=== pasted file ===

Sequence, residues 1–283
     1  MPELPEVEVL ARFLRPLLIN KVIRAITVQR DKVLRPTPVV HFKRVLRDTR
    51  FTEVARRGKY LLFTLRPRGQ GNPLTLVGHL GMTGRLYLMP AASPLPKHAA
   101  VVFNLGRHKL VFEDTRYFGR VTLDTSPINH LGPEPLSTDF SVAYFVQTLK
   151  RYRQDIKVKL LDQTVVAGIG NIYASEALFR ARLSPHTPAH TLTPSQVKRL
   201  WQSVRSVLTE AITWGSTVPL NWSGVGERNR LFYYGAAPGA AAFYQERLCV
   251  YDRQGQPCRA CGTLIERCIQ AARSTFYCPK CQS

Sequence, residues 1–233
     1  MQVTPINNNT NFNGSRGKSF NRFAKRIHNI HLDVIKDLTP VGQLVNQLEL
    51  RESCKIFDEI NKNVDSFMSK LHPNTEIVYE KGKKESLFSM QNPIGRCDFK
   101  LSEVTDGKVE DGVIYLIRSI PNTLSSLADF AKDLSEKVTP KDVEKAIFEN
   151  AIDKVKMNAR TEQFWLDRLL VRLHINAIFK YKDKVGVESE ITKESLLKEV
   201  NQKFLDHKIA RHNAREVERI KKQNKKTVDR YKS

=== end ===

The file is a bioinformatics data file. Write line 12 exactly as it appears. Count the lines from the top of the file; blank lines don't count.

   151  AIDKVKMNAR TEQFWLDRLL VRLHINAIFK YKDKVGVESE ITKESLLKEV